First time setting up game cams (2). My angles sucked, I forgot to set the date on one, but my spots weren’t terrible. Picked up some nice buck action in an area that’s great in the rut. Wonder if these guys wandered up or stayed low. Migration patterns of island deer is much different than that of Lower 48 deer.
Rainy for weeks, then hot, hot, hot. Weather was supposed to break Friday evening, and rain Saturday for the opener. As long as there was enough of a ceiling, conditions might be close to ideal. Not so.
Wind was sustained at 20-25. Couple does popped, two small forkies. Scary slow given it should have been great feeding weather in the protected bowl I was glassing. Maybe I need to find a new spot. Last year the weather was hot, rain, warm. The deer popped in the morning warm after the rain and saw four bucks before 7 a.m.
Lesson: Scout new spots. Don’t always count on the honey hole.
Break in the weather allowed another shot at my alpine spot. Once on top it rained and the wind picked up dropping visibility to less than 100 yards. I ended up wrapping myself in my hammock tarp (no trees in the alpine) which kept my warm while I waited things out.
Saw a forkie feed out in the bowl I was eyeing and tried to make a move down within range. Got a look at 400 yards and it was feeding with its head down so I figured it was game on. Tucked out of view and cut the range to 200, but when I popped up, he was gone. I am assuming he just fed down and out of the bowl.
On the way back to the truck, I saw a small forkie and couldn’t let him pass. Meat needs to go into the freezer.
Lesson: Don’t be too picky. If it’s really about the meat, then make it about the meat and notch a tag.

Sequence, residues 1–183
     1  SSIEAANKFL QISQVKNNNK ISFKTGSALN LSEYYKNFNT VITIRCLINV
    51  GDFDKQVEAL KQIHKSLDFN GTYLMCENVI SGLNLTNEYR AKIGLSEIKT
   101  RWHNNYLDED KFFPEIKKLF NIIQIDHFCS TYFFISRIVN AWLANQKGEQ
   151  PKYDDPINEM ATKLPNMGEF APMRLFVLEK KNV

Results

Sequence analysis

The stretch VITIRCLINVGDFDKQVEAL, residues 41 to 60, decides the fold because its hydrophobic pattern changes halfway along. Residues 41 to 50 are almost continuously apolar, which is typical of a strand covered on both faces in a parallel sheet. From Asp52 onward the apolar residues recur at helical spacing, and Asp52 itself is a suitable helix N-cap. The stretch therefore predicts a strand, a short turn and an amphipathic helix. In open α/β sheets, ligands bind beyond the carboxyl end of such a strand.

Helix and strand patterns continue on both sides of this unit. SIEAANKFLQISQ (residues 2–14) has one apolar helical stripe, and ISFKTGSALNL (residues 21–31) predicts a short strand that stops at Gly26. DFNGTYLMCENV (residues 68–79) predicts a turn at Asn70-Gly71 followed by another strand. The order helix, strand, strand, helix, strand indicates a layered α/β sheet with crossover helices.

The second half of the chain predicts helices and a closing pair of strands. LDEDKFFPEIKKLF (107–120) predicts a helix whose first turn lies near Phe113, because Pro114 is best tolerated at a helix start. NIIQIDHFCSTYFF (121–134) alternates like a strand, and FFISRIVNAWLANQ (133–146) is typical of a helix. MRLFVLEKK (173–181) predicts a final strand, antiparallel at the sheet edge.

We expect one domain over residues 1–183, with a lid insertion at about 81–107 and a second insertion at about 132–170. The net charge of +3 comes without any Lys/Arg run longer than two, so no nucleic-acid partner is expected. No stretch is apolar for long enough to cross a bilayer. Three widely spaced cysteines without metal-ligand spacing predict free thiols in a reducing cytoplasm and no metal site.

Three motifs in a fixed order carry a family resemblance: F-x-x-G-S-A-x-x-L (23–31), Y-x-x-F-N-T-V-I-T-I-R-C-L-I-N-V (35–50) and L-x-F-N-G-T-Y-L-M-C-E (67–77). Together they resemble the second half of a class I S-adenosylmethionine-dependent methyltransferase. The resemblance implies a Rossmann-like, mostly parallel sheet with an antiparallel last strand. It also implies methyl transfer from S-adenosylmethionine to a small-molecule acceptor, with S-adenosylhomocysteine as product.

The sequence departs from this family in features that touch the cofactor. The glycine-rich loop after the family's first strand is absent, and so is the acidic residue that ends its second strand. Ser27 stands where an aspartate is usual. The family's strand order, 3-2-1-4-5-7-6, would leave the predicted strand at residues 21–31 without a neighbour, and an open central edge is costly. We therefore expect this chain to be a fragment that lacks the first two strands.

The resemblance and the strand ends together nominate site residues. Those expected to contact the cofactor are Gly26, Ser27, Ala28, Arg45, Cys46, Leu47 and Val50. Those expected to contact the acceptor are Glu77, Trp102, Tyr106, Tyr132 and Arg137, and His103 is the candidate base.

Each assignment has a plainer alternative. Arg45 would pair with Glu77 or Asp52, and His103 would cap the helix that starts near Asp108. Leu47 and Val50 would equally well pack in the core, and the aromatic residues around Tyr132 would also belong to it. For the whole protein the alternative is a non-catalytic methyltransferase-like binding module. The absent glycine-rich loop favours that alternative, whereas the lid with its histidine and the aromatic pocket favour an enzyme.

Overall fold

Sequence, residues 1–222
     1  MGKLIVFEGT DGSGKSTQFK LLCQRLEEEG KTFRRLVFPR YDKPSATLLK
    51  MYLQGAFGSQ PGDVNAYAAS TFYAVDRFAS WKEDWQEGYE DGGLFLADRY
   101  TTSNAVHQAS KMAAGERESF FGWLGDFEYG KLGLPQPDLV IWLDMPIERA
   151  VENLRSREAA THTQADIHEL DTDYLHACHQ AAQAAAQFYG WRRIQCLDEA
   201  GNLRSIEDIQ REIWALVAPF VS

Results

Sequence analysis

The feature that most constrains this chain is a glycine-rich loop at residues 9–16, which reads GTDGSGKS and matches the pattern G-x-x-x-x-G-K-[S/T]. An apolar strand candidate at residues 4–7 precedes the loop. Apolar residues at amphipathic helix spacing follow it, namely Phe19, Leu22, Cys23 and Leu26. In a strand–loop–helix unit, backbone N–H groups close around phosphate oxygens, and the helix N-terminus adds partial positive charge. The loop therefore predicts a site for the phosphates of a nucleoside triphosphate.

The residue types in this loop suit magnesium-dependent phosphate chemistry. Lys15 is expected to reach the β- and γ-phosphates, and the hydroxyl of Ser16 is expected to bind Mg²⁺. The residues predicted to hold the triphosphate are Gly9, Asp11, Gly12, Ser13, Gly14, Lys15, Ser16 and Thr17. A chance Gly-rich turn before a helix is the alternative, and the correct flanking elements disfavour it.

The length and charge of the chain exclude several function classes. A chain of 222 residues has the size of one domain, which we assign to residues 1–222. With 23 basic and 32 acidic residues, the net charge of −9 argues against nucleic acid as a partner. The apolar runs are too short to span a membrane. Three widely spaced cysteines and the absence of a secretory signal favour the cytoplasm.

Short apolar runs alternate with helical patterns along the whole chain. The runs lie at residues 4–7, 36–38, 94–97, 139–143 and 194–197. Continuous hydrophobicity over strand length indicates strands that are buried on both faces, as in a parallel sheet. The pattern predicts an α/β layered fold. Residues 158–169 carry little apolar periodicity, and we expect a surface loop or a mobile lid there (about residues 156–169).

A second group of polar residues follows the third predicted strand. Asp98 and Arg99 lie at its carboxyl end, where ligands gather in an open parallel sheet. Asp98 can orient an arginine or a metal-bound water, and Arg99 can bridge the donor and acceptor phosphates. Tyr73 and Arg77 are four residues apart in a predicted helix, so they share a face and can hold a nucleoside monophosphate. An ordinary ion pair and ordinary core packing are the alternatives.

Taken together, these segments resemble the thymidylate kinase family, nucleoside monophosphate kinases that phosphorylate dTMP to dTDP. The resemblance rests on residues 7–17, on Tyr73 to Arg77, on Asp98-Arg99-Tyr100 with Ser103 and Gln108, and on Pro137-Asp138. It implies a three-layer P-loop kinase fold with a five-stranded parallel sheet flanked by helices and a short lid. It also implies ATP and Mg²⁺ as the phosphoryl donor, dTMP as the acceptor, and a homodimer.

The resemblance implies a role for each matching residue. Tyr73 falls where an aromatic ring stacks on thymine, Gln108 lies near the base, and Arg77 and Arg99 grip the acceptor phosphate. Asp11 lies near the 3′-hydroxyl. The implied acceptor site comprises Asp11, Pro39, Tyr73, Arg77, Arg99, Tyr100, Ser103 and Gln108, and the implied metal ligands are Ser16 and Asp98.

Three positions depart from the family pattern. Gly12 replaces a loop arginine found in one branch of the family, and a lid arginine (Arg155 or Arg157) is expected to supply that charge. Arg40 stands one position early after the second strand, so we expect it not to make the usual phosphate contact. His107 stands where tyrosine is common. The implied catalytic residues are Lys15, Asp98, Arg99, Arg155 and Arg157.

Abby arrived on the 7th, and the plan was to get into a new piece of alpine I had scouted for the chance at a mountain goat. We waited until she got her COVID test results back since on the form she signed it did say she was going to be quarantined at my residence. Probably wouldn’t have hurt anything to be out on a mountain, but if everyone made exceptions for themselves, no one would follow the rules. Anyway, we took my boat a few hours south of town, rode mountain bikes up an old logging road, hiked then made camp at about 1600 feet.
The route I scouted looked pretty good except for two timbered humps that we’d have to traverse on the way to the ridge that led to the alpine and 3200 foot peak.
According to the topographical lines, the first hump peaked at somewhere above 1900 the second one at just over 2300, then the broken muskeg/alpine started at 1900. So the plan was 1600 to 1900, dip below 1900, up to 2300, down to 1900 then cruise gradually to the top.
There was no 1800 line between the humps so I figured it wouldn’t be too tough of a hike down then back up again. What we found was that it was very near a 200 foot drop then incline through maddening brush. It was wet, foggy and energy sapping, so by the time we reached the top of the second hump we were already gassed, couldn’t see the mountain and had to drop to 1800 feet before starting the gradual climb to alpine.
We broke into the alpine just as the weather cleared enough to reveal bits of the bowl and peak. The bowl looked even better than I had guessed. Lush and full of texture to hold deer which would make stalks easier, provided you could spot the deer first then make a stalk. However, we were after goats which should have been high on the mountain which was now visible, but we saw no clusters of white.
By the time 2 p.m. rolled around, we had seen a few nice bucks, no goats and knowing the weather was going to worsen and we had a tough climb back to camp, I picked out a nice 2×3 and punched tag #2.
The hike back down sucked for sure, but waiting at the 4-mile mark were the mountain bikes and the Burley utility trailer I had recently purchased. We plopped the meat on it and I rode the brakes back to the boat.
Lesson: Never think it will be as easy as you assume based on a scout. If you haven’t seen it, you haven’t seen it. That will prevent being beaten down by a worse hike than you thought. Figure it will be harder, brushier and nastier than you expect. It’s southeast Alaska. Duh.